Egypt was home to more greenery than compared to what the lands are today. This is why there is mention of herd grazing in these lands. Hunting was common among the Egyptians which is why animal domestication was common. The nomadic hunters settled down beside the River Nile and took to farming which further gave way to more development of pottery, religion, art and culture, politics and religion.
There were some important cultures which grew in Egypt in this period – Badari, Amratian or Naqada I, Gerzeh or Naqada II and Naqada III. Although the Tasian culture followed the Badari but the similarities among the two cultures was so much that they are taken under one period. Blacktop-ware type of pottery was the speciality of the Badari.
The El-Amra site which is just 120 km south from Badari is where the Amratian culture gets its name from. Although the blacktop pottery have been found a new type of pottery which is referred to as white cross line ware have also been discovered. There were many developments in the Amratian period such as there were mud-brick buildings, cosmetic palettes that have a very simple craftsmanship have also been found.
The foundation of Dynastic period in Egypt was laid in the Gerzean culture which was Naqada II. Gerzeanpottery was painted red with pictures of ships, animals or people along with some geometric shapes which usually resembled the animals.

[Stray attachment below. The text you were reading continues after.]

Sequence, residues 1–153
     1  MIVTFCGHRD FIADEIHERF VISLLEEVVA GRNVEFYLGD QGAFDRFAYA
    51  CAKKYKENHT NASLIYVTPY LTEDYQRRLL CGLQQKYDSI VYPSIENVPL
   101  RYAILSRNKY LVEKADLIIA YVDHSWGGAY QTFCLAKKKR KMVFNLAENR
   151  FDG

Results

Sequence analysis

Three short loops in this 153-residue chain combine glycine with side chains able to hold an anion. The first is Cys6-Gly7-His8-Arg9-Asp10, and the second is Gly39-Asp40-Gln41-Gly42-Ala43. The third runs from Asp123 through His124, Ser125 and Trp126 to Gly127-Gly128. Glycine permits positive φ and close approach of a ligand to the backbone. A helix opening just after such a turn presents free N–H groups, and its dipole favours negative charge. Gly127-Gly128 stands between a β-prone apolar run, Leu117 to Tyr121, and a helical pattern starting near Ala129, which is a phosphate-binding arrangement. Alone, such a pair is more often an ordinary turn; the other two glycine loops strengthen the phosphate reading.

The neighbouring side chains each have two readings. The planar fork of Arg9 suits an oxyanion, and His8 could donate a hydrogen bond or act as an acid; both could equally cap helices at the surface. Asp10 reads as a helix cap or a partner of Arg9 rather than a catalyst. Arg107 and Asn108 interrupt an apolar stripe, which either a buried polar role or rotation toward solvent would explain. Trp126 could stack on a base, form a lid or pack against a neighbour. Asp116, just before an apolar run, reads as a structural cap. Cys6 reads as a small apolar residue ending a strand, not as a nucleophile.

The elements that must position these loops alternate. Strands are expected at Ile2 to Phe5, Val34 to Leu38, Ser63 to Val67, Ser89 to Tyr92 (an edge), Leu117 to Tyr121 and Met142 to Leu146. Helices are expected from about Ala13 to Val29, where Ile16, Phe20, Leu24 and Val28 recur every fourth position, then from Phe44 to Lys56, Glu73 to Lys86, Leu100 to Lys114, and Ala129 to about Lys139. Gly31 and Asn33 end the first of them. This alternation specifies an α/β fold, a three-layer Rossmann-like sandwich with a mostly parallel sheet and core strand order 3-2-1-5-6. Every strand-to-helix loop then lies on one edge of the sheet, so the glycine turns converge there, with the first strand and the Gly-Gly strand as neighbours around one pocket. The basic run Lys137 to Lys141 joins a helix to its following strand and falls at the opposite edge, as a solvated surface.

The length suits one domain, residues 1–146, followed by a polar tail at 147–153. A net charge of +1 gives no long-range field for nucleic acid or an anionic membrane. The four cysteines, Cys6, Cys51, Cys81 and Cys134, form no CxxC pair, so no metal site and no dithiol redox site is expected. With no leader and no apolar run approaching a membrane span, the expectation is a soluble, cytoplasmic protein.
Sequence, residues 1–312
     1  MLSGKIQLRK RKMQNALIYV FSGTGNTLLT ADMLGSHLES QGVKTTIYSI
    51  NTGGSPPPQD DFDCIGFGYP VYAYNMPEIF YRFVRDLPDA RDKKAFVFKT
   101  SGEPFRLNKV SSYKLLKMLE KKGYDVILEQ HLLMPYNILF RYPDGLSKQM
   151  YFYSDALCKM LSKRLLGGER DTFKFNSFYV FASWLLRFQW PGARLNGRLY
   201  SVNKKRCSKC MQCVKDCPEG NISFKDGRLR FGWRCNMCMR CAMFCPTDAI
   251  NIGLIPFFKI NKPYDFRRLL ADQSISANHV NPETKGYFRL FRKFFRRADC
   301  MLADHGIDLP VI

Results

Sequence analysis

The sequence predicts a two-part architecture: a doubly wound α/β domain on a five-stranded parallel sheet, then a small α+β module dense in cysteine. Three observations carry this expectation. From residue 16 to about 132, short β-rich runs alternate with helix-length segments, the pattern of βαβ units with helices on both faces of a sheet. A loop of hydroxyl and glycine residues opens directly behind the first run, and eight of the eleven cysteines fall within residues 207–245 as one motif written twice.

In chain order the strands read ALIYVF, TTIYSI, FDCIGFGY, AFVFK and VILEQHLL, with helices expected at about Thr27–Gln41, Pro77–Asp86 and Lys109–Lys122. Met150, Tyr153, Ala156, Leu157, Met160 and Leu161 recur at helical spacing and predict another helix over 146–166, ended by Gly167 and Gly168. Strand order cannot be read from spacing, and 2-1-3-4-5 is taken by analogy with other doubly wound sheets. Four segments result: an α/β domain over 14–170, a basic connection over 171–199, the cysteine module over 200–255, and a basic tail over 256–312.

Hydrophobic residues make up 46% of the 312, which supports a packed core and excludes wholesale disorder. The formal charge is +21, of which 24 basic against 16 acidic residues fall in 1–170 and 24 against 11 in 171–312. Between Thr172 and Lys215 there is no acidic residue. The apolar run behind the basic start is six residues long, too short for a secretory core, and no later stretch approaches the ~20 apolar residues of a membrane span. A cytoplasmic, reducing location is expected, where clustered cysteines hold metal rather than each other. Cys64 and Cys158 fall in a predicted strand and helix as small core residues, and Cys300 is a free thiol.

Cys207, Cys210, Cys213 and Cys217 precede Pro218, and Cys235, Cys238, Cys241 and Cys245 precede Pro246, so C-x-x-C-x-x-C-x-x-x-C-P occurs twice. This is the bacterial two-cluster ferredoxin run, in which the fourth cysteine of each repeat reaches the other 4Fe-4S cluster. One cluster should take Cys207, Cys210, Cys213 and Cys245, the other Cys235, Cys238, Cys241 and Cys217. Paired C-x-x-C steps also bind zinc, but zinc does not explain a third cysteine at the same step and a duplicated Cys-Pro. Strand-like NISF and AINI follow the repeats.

The handles of the pottery were now wavy and with time they became ornamental. There have evidence found which indicate that the culture was influenced by foreign cultures such as Mesopotamian, Arabian and other civilizations.
The Naqada III period of Egypt is identical to the time when Egypt was unified. It is in this period that the hieroglyphics was first developed. There were other firsts too such as the first royal cemeteries, first serekhs which were vignettes that comprised of a plan of the royal courtyard and a rough look of the palace and first irrigation.
In 3200 BC there were two pharaohdoms established one was Upper Egypt and the other was Lower Egypt. There is an on-going debate on who united both Upper and Lower Egypt – Menes or Narmer. There is more historical evidence on Narmer having united Egypt however, archaeologists and specialists have their own theories to prove that Menes was the first pharaoh to have united Upper and Lower Egypt.